Understanding foreign currency conversion fees
It is extremely important to understand foreign currency conversion fees – which is how much your debit and credit cards will charge you when you use them outside of Canada. Even though I travel to the USA often, I never really took the time to research into just how much using my credit card was costing me. So save yourself some money by spending a few minutes calling the number on the back of each credit card. Have them explain the fees and currency conversion amounts to you.
A foreign currency conversion fee is charged to consumers to help offset the cost incurred by credit card companies and the bank, since international transactions are more expensive to process than domestic transactions.
For example, with my MBNA Platinum Plus MasterCard (still the greatest credit card in the world, BTW), all transactions made in a foreign currency will be converted to Canadian dollars. Then, an amount equal to 2.5% of the converted transaction amount will be added to the total.
Meanwhile, my President’s Choice Financial (PCF) MasterCard first converts all foreign transactions into U.S. dollars, and then into Canadian dollars, before charging a 2.5% foreign currency conversion fee.
Aside from credit cards, my options are using my ING Direct or PC Financial debit cards. You will not be able to make individual transactions at stores with either debit card, but you can use them both to access your money through bank machines.
PC Financial charges $3 per withdrawal from bank machines located outside of Canada. In addition, they also charge a fixed rate of 2.5% of the converted amount as their foreign currency conversion fee.
ING Direct, on the other hand, charges $2 for each withdrawal from foreign bank machines, but does not charge a foreign currency conversion fee.
The picture in this blog post shows the only things I carry in my wallet: ING Direct debit card, MBNA MasterCard, Bahn25 discount train card, and driver’s license. I also carry my passport at all times, as well as my NEXUS card – not that it helps me at all over here. My PCF MasterCard, PCF debit card, and any other cards I have are kept locked away in the apartment.
Aside from understanding the foreign currency conversion fees associated with both your debit and credit cards when traveling abroad, here are some tips to help keep you safe and save you money:
Inform your credit card company of your travel plans. Nothing would be more frustrating than having your credit card declined and suspended for suspicious use, because you didn’t take the time to let the card issuer know of your overseas travel plans.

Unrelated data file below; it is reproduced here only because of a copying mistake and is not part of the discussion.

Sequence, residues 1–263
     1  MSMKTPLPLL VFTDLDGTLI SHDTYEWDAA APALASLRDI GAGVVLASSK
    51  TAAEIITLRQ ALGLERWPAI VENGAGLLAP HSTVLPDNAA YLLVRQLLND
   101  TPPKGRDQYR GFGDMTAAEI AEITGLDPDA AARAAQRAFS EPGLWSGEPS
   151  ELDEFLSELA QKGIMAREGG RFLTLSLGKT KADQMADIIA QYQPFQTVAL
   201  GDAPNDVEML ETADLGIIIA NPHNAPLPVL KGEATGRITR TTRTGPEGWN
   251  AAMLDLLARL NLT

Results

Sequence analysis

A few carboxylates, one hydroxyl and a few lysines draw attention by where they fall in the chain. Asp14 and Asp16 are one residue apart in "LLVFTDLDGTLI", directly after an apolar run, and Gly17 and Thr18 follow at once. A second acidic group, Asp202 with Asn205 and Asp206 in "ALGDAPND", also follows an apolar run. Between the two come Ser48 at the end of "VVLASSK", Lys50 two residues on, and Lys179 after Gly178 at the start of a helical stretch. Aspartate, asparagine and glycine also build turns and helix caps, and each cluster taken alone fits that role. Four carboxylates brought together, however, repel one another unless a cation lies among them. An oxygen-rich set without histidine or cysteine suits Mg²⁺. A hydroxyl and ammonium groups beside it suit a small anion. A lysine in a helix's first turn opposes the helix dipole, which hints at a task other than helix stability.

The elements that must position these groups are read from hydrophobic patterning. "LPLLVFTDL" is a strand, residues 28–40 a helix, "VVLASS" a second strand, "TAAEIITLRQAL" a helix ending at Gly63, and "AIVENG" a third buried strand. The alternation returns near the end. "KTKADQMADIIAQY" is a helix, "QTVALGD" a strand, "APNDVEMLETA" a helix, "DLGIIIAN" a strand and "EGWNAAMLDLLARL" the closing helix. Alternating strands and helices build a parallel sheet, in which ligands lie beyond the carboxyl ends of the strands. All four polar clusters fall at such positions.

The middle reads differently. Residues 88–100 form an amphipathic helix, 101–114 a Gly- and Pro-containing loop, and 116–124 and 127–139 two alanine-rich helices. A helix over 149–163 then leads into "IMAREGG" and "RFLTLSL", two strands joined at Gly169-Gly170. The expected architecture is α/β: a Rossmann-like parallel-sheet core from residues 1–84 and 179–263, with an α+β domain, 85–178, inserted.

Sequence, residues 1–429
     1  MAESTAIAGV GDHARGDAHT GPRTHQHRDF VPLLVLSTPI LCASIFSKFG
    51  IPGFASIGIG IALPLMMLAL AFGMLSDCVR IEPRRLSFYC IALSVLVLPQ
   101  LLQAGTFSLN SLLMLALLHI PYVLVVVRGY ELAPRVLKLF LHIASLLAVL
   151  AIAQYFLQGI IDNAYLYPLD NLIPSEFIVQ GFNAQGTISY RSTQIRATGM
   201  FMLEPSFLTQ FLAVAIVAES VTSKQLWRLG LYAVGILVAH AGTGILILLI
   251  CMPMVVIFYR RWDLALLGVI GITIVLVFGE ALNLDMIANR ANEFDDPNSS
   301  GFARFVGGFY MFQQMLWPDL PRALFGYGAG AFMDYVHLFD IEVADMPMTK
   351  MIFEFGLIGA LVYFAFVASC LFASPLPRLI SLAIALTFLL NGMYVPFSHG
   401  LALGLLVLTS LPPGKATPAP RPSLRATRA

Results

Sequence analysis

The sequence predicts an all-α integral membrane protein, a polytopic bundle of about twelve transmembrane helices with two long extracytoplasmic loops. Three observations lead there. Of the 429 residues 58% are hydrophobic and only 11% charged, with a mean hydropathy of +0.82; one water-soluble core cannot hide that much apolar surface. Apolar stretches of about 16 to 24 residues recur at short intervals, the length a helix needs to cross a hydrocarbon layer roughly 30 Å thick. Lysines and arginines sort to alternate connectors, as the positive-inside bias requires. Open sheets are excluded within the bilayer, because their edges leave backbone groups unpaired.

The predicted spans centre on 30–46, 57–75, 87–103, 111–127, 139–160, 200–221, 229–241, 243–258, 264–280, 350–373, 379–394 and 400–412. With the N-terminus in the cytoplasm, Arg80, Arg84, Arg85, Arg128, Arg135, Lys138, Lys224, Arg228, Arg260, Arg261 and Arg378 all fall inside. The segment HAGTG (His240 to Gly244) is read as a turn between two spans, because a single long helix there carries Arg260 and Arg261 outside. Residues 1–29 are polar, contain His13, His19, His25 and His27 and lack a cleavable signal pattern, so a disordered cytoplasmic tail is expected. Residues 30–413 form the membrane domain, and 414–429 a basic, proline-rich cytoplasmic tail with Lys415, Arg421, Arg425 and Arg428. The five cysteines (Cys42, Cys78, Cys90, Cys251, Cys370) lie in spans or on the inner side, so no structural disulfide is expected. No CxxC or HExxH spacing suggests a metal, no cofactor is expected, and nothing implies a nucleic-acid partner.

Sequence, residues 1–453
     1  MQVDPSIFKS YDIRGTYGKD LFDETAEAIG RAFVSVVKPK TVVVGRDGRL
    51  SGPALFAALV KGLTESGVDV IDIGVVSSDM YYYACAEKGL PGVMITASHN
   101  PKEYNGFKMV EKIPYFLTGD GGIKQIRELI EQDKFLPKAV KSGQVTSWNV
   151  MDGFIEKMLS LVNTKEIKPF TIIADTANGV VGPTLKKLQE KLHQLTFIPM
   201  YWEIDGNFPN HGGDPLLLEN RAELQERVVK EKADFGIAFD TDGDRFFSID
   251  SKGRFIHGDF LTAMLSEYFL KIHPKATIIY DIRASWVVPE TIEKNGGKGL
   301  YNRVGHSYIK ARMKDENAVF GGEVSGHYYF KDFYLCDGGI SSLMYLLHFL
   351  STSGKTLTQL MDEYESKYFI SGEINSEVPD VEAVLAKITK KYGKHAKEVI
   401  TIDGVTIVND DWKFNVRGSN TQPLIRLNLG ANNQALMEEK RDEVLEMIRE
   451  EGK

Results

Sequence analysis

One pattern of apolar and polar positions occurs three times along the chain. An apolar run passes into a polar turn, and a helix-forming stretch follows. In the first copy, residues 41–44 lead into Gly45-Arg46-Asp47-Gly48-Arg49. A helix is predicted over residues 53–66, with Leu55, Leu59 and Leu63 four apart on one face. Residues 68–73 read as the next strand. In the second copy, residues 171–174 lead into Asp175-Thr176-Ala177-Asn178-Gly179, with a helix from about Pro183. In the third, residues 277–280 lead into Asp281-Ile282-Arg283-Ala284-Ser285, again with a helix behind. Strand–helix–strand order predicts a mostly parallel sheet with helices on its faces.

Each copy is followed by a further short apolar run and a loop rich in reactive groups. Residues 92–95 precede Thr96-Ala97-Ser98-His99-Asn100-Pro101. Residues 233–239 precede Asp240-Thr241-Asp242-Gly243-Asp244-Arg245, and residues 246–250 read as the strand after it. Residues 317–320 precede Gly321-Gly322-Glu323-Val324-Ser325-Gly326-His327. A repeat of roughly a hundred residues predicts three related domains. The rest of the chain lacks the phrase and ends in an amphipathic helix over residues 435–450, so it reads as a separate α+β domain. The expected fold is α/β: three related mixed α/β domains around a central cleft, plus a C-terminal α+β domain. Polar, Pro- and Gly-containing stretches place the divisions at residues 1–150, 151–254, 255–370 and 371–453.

Avoid Dynamic Currency Conversion. Foreign merchants will sometimes try to take advantage of tourists by offering to quote the final price of your purchase in U.S. dollars, instead of in the local currency. The exchange rate is selected by the merchant, and is usually much higher than your credit card. Make sure you know the currency conversion rates before you buy anything. Or, you can download a smartphone app that will do the conversion for you.
Double-check your card expiration date. Your trip could take a serious nosedive if you suddenly discover that your credit card is set to expire while you’re traveling. Contact customer service to see if they can issue you a card with a new expiration date, or mail you a new card to your address abroad, closer to when the card will actually expire.
Stick to using one credit card (but bring a back-up). Using a single credit card will make it easier for you to track your spending while you are away. But, you should also bring a back-up credit card just in case of an emergency – such as, your credit card being suspended, or losing your wallet. The back-up card should be stored somewhere else besides your purse or wallet – like in a safe in your hotel room, or in a money belt if you need to have it with you.
What tips do you have for using your credit and debit cards abroad?
Author: Krystal Yee
I’m a personal finance blogger and marketing professional based in Vancouver. I’m a former Toronto Star (Moneyville) columnist, author of The Beginner’s Guide to Saving and Investing, and co-founder of the Canadian Personal Finance Conference. When I’m not working, you can usually find me running, climbing, playing field hockey, or plotting my next adventure.